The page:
New Seasons doesn’t have 50 varieties of $1 frozen vegetables, and I can’t get lost in there, but there is a different freedom in browsing the produce section and knowing that almost all of it is organic, and not having to scan every label for trans fats, and knowing the cashier is smiling because she gets health benefits, not because she’s afraid the boss is watching. Chatting with the produce guy about the latest awesome peaches to come in from the valley a couple of hours away blows my anonymity, but trades it for something else: community. Free with purchase. 

Recipe: Deluxe Floor Picnic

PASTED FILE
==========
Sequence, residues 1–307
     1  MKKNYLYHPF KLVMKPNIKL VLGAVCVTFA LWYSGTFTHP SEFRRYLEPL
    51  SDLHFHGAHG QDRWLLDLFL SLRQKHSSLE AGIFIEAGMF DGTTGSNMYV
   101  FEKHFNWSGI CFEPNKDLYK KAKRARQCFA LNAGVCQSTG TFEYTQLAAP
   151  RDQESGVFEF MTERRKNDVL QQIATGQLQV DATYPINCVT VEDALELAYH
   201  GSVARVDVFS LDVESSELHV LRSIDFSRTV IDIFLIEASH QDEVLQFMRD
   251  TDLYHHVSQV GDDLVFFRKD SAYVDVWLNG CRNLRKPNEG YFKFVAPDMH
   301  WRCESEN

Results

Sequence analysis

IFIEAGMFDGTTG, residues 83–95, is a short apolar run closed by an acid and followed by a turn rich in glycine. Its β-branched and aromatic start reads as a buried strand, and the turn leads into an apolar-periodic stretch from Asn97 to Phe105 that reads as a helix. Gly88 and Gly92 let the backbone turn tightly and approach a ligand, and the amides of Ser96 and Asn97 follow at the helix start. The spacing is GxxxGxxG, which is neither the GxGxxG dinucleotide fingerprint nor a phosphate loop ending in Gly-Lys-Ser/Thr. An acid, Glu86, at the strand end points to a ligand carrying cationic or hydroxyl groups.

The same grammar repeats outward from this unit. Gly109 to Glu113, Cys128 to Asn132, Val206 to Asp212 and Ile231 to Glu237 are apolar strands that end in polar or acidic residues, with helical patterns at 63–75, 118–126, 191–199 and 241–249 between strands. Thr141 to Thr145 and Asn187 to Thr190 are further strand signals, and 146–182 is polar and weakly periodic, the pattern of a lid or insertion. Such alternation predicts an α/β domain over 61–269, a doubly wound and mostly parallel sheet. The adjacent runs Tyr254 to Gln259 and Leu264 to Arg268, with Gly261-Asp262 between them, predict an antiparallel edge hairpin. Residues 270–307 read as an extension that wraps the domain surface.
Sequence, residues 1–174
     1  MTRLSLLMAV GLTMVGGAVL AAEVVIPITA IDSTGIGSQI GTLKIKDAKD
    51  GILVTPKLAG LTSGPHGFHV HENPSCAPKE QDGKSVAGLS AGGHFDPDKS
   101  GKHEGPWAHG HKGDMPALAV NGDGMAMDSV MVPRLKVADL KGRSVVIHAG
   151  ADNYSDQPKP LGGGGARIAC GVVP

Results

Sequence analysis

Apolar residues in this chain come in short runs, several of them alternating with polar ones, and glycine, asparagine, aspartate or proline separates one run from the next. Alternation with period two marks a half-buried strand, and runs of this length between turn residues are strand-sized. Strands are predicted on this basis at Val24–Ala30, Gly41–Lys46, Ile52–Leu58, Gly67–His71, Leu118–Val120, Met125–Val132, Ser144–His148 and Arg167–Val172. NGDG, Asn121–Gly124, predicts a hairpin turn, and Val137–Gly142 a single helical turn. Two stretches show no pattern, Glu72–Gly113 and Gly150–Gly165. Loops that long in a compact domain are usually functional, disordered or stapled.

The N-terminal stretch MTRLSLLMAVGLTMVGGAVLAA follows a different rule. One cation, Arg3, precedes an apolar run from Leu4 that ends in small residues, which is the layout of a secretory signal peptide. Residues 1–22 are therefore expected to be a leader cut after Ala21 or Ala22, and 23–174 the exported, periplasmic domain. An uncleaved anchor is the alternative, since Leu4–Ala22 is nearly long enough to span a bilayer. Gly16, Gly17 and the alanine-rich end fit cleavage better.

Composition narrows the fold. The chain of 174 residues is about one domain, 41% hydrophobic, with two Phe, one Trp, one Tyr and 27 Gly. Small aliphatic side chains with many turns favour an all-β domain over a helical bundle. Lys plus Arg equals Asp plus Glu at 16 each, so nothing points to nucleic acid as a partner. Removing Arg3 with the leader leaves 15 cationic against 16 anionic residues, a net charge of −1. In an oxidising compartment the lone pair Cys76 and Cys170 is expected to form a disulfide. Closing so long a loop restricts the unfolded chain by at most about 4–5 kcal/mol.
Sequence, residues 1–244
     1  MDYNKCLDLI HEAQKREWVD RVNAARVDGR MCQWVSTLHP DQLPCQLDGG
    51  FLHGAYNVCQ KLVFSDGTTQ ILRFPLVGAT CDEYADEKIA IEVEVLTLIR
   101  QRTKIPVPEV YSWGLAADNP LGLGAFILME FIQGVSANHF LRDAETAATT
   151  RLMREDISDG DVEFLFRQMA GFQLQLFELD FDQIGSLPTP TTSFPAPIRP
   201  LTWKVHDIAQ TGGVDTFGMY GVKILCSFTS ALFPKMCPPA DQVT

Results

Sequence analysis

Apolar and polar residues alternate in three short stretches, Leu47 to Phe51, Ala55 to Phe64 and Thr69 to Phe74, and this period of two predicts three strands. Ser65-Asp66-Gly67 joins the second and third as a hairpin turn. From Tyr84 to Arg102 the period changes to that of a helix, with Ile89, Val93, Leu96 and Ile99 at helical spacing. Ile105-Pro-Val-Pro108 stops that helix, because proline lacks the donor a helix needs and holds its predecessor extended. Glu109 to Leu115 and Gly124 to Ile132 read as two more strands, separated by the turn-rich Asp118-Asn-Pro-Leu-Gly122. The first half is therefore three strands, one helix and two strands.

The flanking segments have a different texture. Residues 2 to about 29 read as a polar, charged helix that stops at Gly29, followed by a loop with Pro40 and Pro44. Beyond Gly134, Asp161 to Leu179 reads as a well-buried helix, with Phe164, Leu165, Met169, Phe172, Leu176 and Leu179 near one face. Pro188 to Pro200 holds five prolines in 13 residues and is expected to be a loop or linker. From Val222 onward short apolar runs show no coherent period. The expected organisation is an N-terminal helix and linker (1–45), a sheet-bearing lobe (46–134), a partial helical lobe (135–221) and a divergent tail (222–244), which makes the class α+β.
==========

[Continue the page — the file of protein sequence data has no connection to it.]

Apples or other seasonal fruit
Dry salami 
Hard, nutty cheese, such as Dubliner or Swiss
Fresh baguette (from supermarket bakery is OK)
Dried Calimyrna figs, or fresh if in season
Lindt milk chocolate truffle bar
Good, crunchy, mouth-slicing potato chips
Red wine of choice (fancy is good, but Gallo is fine)

Arrange all ingredients on a beach towel with a knife, a jelly jar for the wine, and maybe a plate. Feast.

reference-image, l